According to Corey, "The combination of UB and Link helped me to establish who I am as a person, set goals for myself, combine my interests and goals to make them more tangible, apply myself to my academics, and be open minded to others along the way." What Corey gained from these programs is matched only by what he contributed through his hard work, insight, compassion, and commitment.
Currently in his junior year, Corey is a computer science major, resident assistant in Pondside III, and project manager for Habitat for Humanity. "Being a resident assistant is a great way to give to others the same support and guidance that was given to me through UB and Link…. Being a project manager for HFH is a great opportunity to make a difference for the greater good while getting my education."
As associate director of Aspire, another Trio program on campus designed in part to support first-generation college students, I have had many exciting discussions with Corey about his evolving goals. Corey explains, "I saw that technology is always going to be influencing us so I went the computer science route. My goal now is to take computer science and make an impact in the world with it through artificial intelligence."
He goes on to say, "There are people out there with disabilities that prevent them from functioning fully in society. Imagine if we had the technology to counteract the disability, whether it be physical or psychological. This technology could help individuals develop to their fullest potential and achieve their goals, just as I am going forward to achieve mine. My passion is to help others just like others have helped me."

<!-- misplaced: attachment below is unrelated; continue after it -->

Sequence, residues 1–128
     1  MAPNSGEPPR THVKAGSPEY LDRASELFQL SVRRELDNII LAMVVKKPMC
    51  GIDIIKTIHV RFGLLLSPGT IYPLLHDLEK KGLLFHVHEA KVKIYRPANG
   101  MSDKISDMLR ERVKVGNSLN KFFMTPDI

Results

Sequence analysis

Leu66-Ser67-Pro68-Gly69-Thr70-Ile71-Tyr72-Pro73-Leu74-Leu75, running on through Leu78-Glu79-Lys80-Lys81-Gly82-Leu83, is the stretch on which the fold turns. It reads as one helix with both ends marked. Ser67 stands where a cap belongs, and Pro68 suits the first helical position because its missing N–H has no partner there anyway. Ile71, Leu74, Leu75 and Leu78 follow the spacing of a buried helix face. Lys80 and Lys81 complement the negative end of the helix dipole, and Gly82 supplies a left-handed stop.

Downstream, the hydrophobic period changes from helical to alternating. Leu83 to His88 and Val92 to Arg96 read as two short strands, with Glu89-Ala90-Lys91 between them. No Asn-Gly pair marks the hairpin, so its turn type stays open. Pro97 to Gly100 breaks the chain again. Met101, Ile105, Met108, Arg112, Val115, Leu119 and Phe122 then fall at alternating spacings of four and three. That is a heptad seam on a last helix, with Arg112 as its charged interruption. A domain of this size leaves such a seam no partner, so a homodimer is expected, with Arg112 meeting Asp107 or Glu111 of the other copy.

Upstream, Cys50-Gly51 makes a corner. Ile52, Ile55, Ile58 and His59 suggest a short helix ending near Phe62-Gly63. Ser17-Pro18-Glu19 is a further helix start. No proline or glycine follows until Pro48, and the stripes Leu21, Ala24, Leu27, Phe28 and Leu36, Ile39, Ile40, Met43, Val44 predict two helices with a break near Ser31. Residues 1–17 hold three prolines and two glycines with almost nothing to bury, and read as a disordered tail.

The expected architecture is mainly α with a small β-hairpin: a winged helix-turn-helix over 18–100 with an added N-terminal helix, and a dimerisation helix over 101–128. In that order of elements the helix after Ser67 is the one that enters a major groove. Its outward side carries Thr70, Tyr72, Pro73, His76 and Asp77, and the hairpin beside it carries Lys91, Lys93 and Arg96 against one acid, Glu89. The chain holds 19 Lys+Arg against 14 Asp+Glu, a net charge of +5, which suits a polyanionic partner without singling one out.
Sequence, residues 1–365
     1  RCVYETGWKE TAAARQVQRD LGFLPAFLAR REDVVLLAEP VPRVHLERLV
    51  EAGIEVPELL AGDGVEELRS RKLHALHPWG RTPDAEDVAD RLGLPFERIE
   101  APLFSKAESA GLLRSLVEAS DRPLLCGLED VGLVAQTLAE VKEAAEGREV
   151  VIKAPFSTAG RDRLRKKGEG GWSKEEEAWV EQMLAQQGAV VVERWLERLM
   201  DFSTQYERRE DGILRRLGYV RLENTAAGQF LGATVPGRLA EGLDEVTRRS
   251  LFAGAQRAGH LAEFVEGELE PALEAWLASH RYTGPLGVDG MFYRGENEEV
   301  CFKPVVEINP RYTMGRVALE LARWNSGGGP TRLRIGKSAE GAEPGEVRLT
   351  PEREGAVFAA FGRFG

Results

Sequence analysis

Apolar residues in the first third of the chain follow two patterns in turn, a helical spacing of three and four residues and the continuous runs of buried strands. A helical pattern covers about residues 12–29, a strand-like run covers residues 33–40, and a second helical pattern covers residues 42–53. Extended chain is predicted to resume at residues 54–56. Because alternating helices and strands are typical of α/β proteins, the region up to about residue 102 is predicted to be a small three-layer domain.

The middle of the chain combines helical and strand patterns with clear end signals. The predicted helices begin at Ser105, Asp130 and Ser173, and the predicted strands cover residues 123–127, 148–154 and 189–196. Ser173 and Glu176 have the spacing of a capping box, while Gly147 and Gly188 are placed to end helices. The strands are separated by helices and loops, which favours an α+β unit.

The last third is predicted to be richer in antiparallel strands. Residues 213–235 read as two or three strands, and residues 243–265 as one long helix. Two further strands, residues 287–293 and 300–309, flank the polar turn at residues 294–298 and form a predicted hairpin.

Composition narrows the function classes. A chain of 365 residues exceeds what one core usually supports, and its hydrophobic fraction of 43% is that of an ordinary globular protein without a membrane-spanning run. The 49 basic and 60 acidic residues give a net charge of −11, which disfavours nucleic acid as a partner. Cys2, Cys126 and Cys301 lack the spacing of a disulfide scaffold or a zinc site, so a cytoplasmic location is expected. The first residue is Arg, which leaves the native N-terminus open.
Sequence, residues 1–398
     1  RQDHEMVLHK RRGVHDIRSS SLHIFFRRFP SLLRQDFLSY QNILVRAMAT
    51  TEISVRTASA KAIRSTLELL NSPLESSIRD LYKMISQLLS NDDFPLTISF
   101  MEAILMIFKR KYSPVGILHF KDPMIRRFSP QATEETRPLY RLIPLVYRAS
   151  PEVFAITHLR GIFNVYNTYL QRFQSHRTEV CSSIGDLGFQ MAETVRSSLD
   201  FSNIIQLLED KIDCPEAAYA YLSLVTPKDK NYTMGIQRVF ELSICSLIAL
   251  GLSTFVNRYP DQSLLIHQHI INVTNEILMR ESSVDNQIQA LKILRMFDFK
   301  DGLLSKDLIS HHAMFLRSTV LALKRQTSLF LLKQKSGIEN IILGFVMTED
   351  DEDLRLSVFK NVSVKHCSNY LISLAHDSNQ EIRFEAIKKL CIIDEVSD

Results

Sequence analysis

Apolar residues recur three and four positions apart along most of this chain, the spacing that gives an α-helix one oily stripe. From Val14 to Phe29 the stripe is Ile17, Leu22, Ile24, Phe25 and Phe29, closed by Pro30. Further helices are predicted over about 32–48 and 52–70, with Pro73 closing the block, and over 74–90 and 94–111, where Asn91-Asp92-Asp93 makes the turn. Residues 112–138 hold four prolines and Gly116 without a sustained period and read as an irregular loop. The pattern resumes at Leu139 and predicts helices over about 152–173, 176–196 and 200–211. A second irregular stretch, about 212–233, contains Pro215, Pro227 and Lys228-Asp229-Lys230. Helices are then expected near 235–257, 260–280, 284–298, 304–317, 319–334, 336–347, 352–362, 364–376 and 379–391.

When asked how his parents feel about him being in college, Corey says, "The hardest part for my mom is that I'm away from home and busy all the time…. She always tells me she's proud of what I'm doing." Corey's father also lets him know he's proud of him, and to show his support, he recently bought Corey a car, which allows him to get to work on Fridays.
Corry passes along some tips for others who are the first in their families to go to college: "Students should not let cost be the main factor. There are so many scholarships…sometimes there are financial restraints, but if one goes in with an ambitious attitude, then he/she can make things happen." Corey is living proof of this, having received Aspire grant awards and a scholarship from the New Hampshire Educational Opportunity Association.
Another bit of advice is to "immediately start utilizing the resources that are on campus. Keene State College has the academic and career advising department, and I've gone there for resume building and into the Aspire wing for class tutors. These resources have always helped me as a student at KSC."
One last tip: "Don't be afraid to ask questions. I know I had a lot of questions coming into the college application process and then had more questions once I was at college.
"I find that I am completely shaping my own future, which is really satisfying. I'm not following in other footsteps, I'm creating my own. I saw that I wanted to make a change in the world and that education was going to help me get there."
It is certainly a privilege for those of us at Keene State College to work with students like Corey as they strive to overcome barriers on their way to achieving their goals and having a positive impact on our world.